The Bergmann and Lignose
I would not have been able to complete this article without the assistance of my friend and sometime collaborator, Stefan Klein, who has been most assiduous in researching German source materials for me. I would also like to thank my friend Ed Dittus for providing additional research materials and translating an article from the French.
Hugo Schmeisser left the Bergmann company after the war in 1919 as a result of disagreements with the company over the licensing of his machine gun designs to foreign firms. Schmeisser and his brother Hans formed their own company for a time, which made Diana air rifles for C.G. Haenel, but eventually the Schmeisser brothers became shareholders and full time employees of Haenel. Between 1919 and 1921, the Schmeisser brothers designed and patented the Haenel Schmeisser pistol.
After the war manufacture of military weapons and particularly fully automatic weapons was banned in Germany by the Inter- Allied Military Control Commission. The Bergmann company turned its attention to the manufacture of pocket and vest-pocket pistols, and was soon acquired by Aktiengesellschaft Lignose, which was a holding company in Berlin with interests in explosives and ammunition.
There are three patents relevant to this story:
Chylewski’s British patent references a German patent of 1914, which we have been unable to locate, however we assume it would be substantially the same as the second Austrian patent and the British patent.
The first information we obtained when we began to investigate these pistols came from Ian Hogg’s book German Handguns. Hogg says (p. 23):
Theodor Bergmann retired in 1910 and died in 1915. The business continued under the guidance of Hugo Schmeisser (the son of Louis, who had left the company in 1912), and in about 1912 Schmeisser began producing an automatic pistol which bore no similarity to the earlier Bergmann designs but leaned more towards the Browning 1906 pattern.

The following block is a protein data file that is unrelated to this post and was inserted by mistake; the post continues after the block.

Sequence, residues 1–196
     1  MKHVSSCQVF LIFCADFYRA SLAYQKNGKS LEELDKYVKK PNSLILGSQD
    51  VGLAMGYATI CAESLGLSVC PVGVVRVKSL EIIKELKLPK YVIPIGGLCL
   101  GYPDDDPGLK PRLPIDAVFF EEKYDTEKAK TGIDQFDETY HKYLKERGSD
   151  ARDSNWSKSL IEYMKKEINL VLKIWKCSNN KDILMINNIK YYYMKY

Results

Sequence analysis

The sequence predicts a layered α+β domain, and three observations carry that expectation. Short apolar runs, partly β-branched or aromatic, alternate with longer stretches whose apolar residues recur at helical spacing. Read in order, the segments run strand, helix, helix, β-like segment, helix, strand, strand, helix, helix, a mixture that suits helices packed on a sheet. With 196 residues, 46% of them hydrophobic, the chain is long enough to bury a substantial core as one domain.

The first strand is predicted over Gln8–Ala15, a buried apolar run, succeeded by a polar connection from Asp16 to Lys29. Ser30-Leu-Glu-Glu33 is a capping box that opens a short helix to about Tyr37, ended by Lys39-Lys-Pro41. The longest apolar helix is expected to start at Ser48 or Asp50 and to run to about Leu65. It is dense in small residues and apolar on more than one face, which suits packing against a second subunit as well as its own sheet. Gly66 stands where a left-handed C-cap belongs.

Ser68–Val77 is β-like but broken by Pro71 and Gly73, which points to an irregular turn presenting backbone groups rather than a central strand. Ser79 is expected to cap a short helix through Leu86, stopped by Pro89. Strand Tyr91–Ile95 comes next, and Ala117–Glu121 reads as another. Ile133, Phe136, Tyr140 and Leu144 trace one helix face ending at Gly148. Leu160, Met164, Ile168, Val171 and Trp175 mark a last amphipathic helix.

Hogg states that “Hugo Schmeisser left Bergmanns in 1919...”, and: “At the same time, the company acquired some sort of interest in a one-hand pistol developed by a Pole named Witold Chylewski...” (p.23). Joseph J. Schroeder, Jr. (p. 42) indicates that Bergmann did not begin the manufacture of its pocket pistols until after the war, and that “during this period, Bergmann purchased the rights to a one-hand cocking system developed by W. Chylewski...” However, Guillou states (p. 29) that “The firm Lignose also decided to exploit a patent granted to one Witold Chylewski which the Bergmann firm acquired in 1913.” The reader will note that the first Austrian patent was filed in 1913 but was not actually granted until 1914, about two months before the outbreak of World War I. It is not out of the question that Chylewski might have sold his first patent to the Bergmann company for much needed cash, since he still had another patent for a different mechanism in the works, but we have no certain indication of when or if this might have taken place.